“I didn't expect the new building would boost business.”
MIDLAND, MI — Seven years after he took over an ailing Chrysler-Plymouth Dodge store in this city of about 65,000, Bob Feeny has relocated into a new $3.5 million structure on the growing north side of town.
“Chrysler's great range of products has allowed me to fulfill this dream in only seven years,” declares Mr. Feeny at his office right alongside the L-shaped showroom.
“But what I didn't expect was that the new building would in itself boost business in sales, service and parts. That's like icing on the cake.”
Feeny Chrysler-Plymouth-Dodge (the “Plymouth” will be deleted this year after the last Plymouth Neon is built) now averages about 112 new and used-unit sales a month on Eastman Ave., compared to 17 when Mr. Feeny, 43, bought out the previous store on Saginaw Road.
“This is a city which, thanks to Dow Chemical and Dow Corning being headquartered here, has the highest per capita number of science PhD's in the country,” says Mr. Feeny, explaining why Chrysler sales boomed here in the 1990s.
“They really liked the minivans, Vipers, Prowlers, Sebring convertibles and Ram trucks — and that was great for us despite the fact we were really squeezed in an old building downtown.”
The new 22,000 sq. ft. dealership is a white two-story edifice featuring high ceilings and a horseshoe-shaped front window below a Chrysler pentastar. There's a four-vehicle showroom, a cafe with four-seat tables, a paperwork area for consumers, a personal computer room and a children's play area.
Adapted from the Chrysler 2000 building book, the new Feeny structure also is unique inside with numerous displays of for-sale consumer items such as jackets and miniature car models. Soft drinks and doughnuts are free and the off-white interior and open offices and conference rooms “all make visitors feel at home — not like they're in a hard business setting,” says Mr. Feeny.
What's also different is being the only dealer location next door to the new Midland Mall, where Wal-Mart and Meijer mega department stores and new restaurants draw shoppers from all across central Michigan.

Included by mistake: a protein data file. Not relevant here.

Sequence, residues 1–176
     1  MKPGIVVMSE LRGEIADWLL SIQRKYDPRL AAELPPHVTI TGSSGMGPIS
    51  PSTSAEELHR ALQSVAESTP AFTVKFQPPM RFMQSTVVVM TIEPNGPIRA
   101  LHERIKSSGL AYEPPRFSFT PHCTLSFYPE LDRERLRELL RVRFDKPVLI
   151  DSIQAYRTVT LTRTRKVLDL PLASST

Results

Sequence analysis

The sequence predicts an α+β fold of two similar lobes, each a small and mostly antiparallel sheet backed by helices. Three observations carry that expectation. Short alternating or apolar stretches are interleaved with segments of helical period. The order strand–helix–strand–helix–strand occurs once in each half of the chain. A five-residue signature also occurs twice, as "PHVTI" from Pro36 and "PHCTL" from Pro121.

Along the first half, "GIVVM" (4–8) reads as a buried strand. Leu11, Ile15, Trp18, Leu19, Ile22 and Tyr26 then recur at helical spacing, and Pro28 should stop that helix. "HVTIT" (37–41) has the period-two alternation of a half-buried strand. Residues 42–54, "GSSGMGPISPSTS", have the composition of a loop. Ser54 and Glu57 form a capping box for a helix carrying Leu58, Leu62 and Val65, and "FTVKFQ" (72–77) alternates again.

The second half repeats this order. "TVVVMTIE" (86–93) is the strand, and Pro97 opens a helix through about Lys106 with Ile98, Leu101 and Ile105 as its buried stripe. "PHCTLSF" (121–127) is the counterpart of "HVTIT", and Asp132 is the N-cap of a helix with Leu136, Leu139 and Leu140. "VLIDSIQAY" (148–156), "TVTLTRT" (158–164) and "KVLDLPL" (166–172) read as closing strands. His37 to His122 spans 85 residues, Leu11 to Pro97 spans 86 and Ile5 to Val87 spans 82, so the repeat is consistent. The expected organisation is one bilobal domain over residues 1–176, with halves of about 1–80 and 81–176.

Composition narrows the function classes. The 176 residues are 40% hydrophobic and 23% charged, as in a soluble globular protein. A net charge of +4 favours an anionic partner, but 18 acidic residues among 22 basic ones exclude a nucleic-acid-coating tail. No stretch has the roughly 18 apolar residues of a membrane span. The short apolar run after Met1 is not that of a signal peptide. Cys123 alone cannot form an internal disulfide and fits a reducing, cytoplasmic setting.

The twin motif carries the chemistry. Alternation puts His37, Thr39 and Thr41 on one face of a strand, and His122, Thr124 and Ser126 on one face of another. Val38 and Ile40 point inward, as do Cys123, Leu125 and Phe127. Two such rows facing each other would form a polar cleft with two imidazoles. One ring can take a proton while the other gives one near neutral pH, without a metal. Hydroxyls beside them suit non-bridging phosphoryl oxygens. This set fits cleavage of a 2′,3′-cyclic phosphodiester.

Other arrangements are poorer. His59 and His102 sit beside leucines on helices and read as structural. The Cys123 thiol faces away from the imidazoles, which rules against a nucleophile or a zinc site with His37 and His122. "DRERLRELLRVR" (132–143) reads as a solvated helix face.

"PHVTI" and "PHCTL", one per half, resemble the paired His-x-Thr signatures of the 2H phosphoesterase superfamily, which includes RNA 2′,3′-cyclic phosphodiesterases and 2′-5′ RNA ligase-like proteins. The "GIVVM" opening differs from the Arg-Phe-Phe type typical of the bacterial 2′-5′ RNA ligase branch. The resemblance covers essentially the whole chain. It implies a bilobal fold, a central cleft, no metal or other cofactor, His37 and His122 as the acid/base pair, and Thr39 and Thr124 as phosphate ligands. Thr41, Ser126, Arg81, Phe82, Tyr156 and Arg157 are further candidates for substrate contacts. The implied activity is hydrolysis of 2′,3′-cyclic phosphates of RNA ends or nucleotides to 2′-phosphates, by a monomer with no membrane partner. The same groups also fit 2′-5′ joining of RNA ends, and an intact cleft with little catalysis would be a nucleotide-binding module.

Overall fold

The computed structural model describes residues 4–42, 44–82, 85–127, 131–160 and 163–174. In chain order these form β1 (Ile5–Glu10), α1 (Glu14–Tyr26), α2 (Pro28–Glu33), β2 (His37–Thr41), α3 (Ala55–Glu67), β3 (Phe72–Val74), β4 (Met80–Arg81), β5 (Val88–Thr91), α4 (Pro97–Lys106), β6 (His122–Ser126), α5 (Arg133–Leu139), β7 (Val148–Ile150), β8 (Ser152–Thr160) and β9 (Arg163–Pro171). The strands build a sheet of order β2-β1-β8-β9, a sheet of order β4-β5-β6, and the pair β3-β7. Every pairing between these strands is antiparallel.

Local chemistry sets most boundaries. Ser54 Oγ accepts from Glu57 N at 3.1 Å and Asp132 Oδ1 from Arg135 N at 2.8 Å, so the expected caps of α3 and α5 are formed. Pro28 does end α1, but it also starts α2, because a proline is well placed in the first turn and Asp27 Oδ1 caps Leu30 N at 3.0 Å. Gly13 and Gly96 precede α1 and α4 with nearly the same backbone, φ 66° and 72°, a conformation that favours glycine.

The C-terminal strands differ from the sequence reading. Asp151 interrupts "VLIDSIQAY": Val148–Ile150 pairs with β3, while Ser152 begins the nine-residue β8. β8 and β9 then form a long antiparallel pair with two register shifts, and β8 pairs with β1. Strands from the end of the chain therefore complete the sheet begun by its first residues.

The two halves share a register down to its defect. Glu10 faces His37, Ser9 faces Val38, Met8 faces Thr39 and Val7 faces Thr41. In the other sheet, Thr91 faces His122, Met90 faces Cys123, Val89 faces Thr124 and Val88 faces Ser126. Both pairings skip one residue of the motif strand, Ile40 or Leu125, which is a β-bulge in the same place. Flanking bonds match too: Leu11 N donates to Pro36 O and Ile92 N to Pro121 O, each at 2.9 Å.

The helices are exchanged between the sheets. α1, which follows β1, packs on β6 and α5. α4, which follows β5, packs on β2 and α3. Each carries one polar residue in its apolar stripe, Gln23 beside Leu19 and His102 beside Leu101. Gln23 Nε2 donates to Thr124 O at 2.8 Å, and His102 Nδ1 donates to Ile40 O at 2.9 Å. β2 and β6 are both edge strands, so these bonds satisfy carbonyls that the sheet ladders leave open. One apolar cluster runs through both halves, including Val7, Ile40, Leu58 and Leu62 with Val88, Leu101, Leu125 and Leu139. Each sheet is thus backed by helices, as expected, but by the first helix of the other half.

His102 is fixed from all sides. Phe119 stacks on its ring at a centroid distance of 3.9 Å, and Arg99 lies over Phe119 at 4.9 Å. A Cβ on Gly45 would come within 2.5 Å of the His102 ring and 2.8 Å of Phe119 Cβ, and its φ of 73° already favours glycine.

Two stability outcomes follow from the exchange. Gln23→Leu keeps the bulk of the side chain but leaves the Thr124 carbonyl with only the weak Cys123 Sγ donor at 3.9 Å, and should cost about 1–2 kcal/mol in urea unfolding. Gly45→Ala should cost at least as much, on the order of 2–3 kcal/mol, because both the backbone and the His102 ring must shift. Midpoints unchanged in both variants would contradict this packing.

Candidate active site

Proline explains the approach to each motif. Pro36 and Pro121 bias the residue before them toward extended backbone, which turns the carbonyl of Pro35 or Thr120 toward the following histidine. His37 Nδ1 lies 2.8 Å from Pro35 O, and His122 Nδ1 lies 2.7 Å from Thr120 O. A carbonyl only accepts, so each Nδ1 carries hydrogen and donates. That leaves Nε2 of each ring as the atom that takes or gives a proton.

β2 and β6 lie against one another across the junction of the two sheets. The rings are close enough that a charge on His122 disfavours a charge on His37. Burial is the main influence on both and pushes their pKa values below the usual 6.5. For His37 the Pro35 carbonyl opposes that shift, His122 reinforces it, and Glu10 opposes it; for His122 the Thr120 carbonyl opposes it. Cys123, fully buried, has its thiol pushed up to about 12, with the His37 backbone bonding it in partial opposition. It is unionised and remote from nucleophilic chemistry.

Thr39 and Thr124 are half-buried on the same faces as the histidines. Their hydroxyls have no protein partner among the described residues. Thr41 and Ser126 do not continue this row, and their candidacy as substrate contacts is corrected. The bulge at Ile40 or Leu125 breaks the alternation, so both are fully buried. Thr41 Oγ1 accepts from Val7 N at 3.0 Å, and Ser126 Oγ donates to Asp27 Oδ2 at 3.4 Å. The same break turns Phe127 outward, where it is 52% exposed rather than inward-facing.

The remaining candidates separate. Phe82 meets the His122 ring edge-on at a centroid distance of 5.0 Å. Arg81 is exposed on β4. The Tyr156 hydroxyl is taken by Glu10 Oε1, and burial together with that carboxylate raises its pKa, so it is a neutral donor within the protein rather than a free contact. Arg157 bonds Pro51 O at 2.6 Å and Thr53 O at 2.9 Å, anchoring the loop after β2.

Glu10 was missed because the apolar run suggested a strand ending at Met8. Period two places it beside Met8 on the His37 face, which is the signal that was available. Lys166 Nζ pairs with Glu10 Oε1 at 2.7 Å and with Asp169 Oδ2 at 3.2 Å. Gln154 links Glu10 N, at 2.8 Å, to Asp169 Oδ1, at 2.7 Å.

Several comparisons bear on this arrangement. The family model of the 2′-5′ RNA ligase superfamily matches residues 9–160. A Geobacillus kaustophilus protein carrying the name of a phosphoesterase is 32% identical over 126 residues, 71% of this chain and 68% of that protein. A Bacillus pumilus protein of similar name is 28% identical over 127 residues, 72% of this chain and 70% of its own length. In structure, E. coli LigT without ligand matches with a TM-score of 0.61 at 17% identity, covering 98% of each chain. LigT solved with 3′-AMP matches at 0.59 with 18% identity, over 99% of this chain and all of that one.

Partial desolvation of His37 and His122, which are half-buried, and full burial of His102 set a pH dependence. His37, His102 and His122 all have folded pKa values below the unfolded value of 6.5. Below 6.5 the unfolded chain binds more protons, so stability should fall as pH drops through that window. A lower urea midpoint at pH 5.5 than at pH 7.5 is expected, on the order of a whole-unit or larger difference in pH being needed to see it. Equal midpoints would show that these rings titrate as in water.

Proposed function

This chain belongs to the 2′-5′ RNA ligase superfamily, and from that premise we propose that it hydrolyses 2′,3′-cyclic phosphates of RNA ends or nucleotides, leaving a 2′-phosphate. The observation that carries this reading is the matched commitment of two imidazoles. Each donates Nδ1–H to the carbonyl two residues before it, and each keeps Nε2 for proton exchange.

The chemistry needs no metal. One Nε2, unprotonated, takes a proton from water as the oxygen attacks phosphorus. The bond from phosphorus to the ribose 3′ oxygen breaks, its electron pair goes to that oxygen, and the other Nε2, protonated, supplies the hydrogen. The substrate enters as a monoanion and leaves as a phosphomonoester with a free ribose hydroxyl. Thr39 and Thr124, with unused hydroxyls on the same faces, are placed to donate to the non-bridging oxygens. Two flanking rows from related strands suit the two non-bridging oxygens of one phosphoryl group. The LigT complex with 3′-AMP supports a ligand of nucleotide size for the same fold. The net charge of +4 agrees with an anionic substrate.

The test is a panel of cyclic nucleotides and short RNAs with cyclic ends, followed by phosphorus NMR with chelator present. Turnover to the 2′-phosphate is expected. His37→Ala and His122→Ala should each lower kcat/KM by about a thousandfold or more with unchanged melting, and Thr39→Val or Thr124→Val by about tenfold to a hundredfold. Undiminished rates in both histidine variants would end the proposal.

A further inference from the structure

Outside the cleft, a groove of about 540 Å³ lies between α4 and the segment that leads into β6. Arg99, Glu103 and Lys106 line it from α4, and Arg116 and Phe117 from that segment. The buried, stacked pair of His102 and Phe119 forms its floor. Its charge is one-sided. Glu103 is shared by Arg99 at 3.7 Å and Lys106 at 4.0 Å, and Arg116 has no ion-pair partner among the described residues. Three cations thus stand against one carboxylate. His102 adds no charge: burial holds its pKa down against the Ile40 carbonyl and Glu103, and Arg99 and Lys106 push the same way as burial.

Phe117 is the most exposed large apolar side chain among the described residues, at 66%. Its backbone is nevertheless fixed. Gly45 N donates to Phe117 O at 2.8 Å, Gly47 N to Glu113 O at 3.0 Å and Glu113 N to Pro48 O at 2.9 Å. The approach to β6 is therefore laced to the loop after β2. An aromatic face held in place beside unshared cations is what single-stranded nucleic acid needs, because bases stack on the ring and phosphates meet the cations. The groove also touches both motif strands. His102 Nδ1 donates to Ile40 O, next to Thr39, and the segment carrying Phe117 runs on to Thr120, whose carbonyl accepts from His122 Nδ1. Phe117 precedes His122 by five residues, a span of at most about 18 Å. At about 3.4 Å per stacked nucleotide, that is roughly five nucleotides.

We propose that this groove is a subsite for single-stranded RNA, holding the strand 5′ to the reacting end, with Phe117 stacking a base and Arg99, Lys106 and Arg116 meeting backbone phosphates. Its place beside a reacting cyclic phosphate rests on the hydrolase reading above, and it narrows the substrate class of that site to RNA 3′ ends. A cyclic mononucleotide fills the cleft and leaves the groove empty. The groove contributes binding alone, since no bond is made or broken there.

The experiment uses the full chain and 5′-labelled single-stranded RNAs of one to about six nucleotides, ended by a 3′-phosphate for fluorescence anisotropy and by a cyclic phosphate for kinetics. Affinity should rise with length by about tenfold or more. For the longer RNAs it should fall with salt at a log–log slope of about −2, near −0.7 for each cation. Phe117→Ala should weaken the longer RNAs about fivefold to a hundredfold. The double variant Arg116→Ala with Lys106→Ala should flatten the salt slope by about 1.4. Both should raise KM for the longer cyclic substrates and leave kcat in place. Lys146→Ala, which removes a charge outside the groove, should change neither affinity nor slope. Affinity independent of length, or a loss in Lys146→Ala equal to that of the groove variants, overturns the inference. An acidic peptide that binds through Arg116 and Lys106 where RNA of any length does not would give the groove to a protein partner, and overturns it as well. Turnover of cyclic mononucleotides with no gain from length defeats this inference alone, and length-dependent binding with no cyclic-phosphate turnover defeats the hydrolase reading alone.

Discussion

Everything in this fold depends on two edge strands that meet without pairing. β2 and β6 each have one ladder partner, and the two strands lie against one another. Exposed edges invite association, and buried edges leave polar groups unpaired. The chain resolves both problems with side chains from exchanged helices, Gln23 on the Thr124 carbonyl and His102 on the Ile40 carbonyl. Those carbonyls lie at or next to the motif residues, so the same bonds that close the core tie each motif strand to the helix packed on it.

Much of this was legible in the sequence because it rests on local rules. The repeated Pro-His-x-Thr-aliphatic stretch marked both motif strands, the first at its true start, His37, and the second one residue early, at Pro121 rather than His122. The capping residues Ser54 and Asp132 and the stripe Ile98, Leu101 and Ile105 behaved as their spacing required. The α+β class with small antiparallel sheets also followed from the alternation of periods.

The foresighted Mr. Feeny purchased his seven-acre lot early in his stint at the old downtown store, which is now his body shop. He had enough left over to buy a second C-P-Dodge store in Gaylord, MI, 118 miles north, in 1997.
“That's also a booming area,” says Mr. Feeney, who divides his week between Midland and Gaylord. “We've remodeled the showroom there, but I think we're done for the time being with building projects.”
A certified Five Star dealer, one of the first in a small town, Mr. Feeny finds the program helped him pinpoint shortcomings in his facilities and personnel and make needed corrections. The Midland store's 73 employees include 12 in sales “who now sell all vehicles, new and used, car and truck. Separating the staff functions before at the old store didn't work as well as letting them sell everything here.”
Mr. Feeny's brother, Dan, 48, also owns two Chrysler-brand dealerships-Feeny Chrysler-Jeep, Elgin, IL, and Feeny Dodge, Palatine, IL, suburbs of Chicago. They learned about the auto business at their father Jim's auto parts store in Detroit.
The new dealership building is near the campus of Northwood University, home of the dealership training school. Mr. Feeny expects dealers visiting their kids at Northwood to drop by for a tour of his new building. He says they're all welcome.
“It's neat to be a role model for small-town dealers especially,” he says. “I can guarantee being in a new home is a world of difference, despite all you go through to complete one.”